She'd screamed in pain and terror, then passed out cold. She still slept, and to be honest,
I was beginning to worry that she'd never wake up. Deacon, however, had assured me that she would regain consciousness soon, albeit with one hell of a headache. I didn't ask him how he could be so certain about the particulars of demonic possession. That was just one more thing I didn't want to know.

  Add on top of all that the fact that I had, only hours prior, managed to single-handedly facilitate the imminent arrival of Armageddon, and you can probably see why I was a little stressed.

  “They'll start looking for you soon," Deacon said. "We need a plan."

  The "they" he referred to was actually a "he." Clarence. My amphibious handler. A toad-faced little demon who'd run the con on me and whom I despised all the more because I'd actually been starting to like him.

  "I have a plan," I said, stroking Rose's hair. "I already told you." For that matter, we'd talked of nothing other than my plan for hours. With me alternating between berating myself for failing both Rose and the world, and fantasizing in glorious detail how I would kill not only Clarence but every other demon I came in contact with.

  The fantasy alone was cathartic, but not nearly enough, and I couldn't wait for the real deal. I wanted the satisfaction of the kill. The strength I gained. And, yeah, I wanted the hit of power. I drew it in when I killed them. The demon's essence. Its darkness. Its fury.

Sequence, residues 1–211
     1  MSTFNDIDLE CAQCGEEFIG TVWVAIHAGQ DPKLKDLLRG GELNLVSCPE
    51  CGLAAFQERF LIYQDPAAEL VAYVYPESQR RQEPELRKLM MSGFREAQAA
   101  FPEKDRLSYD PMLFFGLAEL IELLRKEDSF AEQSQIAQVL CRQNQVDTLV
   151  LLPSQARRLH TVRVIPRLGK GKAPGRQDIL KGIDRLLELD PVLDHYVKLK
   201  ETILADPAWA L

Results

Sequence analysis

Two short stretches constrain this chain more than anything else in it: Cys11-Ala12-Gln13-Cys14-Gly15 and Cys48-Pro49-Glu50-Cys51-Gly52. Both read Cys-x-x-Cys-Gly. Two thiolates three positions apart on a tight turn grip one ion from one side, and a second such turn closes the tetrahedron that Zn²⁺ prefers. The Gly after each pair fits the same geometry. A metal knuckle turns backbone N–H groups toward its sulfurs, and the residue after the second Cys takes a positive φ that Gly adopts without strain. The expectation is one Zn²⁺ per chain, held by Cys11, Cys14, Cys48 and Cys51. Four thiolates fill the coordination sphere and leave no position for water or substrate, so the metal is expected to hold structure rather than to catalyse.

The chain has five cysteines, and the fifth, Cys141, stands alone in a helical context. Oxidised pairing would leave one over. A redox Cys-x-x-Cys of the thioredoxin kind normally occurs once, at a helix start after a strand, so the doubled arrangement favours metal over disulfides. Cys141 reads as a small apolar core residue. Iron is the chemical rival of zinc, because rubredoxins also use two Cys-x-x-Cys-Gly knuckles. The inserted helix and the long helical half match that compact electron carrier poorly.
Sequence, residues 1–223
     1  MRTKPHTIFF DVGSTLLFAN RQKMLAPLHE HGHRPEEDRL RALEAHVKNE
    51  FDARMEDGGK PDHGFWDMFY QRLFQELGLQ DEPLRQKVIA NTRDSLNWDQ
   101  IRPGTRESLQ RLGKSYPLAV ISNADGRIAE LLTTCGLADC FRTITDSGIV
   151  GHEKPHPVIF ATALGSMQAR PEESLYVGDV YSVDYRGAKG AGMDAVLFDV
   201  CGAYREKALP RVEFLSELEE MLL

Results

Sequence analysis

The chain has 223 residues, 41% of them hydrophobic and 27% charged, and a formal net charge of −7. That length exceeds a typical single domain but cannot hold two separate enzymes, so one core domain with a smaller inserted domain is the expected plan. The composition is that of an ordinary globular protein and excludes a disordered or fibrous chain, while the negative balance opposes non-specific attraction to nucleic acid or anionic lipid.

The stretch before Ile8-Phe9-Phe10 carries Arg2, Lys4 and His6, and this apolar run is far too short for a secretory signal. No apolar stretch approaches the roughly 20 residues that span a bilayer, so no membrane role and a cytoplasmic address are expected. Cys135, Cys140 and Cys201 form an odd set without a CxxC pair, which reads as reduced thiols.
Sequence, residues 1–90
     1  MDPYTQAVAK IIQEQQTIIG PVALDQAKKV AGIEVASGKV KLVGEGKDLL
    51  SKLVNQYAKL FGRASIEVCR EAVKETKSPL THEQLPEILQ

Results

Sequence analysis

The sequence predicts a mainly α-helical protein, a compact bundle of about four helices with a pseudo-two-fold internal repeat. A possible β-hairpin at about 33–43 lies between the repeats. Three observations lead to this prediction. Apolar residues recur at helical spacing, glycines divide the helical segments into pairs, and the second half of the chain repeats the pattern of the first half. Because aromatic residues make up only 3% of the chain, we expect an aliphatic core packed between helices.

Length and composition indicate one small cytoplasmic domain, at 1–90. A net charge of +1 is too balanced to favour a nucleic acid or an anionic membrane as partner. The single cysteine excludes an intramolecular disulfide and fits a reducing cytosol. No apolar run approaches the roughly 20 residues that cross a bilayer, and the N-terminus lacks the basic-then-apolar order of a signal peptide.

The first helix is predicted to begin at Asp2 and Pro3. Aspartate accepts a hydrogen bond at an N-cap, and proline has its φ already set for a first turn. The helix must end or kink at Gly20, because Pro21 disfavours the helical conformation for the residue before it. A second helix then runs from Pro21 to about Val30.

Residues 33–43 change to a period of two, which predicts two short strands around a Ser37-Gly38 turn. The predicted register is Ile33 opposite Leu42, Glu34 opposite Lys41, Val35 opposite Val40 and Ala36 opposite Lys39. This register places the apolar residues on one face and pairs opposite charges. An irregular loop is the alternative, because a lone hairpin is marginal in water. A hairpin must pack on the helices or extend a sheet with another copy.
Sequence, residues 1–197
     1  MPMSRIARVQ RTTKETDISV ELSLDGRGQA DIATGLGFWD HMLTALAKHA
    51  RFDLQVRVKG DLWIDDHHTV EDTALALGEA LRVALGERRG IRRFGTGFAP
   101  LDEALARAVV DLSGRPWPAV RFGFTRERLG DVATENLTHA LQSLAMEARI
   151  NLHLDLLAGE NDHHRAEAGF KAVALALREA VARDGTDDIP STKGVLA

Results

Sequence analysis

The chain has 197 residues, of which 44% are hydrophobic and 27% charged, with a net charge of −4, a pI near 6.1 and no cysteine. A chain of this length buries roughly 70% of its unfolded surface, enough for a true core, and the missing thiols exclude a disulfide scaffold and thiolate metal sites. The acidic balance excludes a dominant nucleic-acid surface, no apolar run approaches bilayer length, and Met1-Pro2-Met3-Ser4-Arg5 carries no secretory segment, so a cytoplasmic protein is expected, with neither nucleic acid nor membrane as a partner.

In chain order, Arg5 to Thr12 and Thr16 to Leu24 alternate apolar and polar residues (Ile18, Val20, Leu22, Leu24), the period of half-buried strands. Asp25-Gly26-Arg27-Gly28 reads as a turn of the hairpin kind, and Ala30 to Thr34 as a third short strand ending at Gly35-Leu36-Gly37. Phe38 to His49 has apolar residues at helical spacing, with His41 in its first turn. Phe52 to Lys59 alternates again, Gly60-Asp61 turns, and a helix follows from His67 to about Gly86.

And, yeah, I was happy to embrace the homicidal happiness. Ironic, I suppose, since without all this demon-assassin prophecy bullshit, I wouldn't be having warm, fuzzy, murderous thoughts. I wouldn't be spending every day of my life trying to suppress the demonic essence that got sucked into me with each and every kill.

  And here's an interesting tidbit: You'd think that since I'd been unknowingly working for the bad guys, I would have been out there killing good guys who I'd been duped to whack. If that had been the case, then I'd be filled with goodness and light, about as sweet and charming as they come, because I would have sucked in the essence of a boatload of near-angelic souls.

  A nice theory, but not even close to my reality. Because Clarence and crew didn't want me sweet; they didn't want me nice. And they'd had me training on real, true, badass demons. Sacrificing their own kind so that I'd become more like them. More badass. More evil.